On this date in 1755 Samuel Johnson’s A Dictionary of the English Language was published.
Frye in Anatomy on Johnson’s “bumbling” but still “colloquial and conversational” style:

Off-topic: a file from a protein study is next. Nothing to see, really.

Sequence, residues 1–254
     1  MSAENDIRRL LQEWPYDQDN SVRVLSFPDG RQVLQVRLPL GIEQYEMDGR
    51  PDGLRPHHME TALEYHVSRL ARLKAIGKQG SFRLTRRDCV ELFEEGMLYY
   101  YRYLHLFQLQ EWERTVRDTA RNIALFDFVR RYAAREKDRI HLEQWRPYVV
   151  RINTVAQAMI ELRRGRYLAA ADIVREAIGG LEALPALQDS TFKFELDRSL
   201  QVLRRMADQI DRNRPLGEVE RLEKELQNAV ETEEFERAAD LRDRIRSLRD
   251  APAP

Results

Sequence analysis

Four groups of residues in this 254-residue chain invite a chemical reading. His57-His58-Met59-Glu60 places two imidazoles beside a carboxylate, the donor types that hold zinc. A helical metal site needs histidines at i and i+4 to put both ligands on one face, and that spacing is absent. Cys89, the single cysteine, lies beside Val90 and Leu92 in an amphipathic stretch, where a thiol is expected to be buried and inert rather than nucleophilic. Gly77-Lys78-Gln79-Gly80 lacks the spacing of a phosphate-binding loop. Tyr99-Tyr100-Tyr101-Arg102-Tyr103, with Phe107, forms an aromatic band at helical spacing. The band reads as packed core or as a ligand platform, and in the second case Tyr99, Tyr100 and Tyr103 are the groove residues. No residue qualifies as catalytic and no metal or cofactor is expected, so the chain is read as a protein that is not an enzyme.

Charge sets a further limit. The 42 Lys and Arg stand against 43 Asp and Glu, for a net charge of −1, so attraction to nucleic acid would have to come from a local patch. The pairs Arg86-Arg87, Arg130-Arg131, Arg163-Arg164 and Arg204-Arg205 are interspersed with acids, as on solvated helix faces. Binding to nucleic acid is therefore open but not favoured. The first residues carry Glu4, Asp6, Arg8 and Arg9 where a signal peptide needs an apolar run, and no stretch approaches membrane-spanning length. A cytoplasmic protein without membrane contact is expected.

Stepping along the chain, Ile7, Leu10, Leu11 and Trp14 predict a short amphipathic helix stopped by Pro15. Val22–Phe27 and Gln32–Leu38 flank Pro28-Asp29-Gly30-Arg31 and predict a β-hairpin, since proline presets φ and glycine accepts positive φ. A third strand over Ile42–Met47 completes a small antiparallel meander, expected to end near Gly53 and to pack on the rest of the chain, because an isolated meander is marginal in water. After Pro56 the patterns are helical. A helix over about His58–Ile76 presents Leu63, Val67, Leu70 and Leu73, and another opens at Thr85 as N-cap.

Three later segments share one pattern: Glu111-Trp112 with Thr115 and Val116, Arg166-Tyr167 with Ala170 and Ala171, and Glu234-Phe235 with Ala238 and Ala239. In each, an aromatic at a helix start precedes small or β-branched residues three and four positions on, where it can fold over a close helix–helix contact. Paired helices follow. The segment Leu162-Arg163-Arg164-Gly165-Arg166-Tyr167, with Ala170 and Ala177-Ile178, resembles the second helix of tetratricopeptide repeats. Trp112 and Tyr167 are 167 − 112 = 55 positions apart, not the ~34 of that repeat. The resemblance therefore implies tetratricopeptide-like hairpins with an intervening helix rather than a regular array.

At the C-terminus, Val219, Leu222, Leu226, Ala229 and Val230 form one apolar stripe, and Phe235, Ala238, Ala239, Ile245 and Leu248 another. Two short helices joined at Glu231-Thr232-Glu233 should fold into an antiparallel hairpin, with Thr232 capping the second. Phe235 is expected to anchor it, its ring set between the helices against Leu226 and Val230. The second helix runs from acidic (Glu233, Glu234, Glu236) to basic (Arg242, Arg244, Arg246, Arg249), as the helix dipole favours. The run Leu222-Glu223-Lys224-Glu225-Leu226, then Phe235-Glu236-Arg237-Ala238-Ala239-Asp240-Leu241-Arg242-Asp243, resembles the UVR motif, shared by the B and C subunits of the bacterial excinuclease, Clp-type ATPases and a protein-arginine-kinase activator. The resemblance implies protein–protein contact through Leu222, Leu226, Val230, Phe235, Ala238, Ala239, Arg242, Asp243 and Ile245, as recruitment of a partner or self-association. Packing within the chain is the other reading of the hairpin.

Students in English are often urged, in Romantic fashion, to use as many short words of native origin as possible, on the ground that they make one’s vocabulary concrete, but a style founded on simple native words can be the most artificial of all styles. Samuel Johnson at his most bumbling is still colloquial and conversational compared to a William Morris romance. Standard educated English speech today, with its many long abstract and technical words and the heavy accent on its short ones, is a polysyllabic clatter which is much easier to fit to prose than to verse. (AC 270)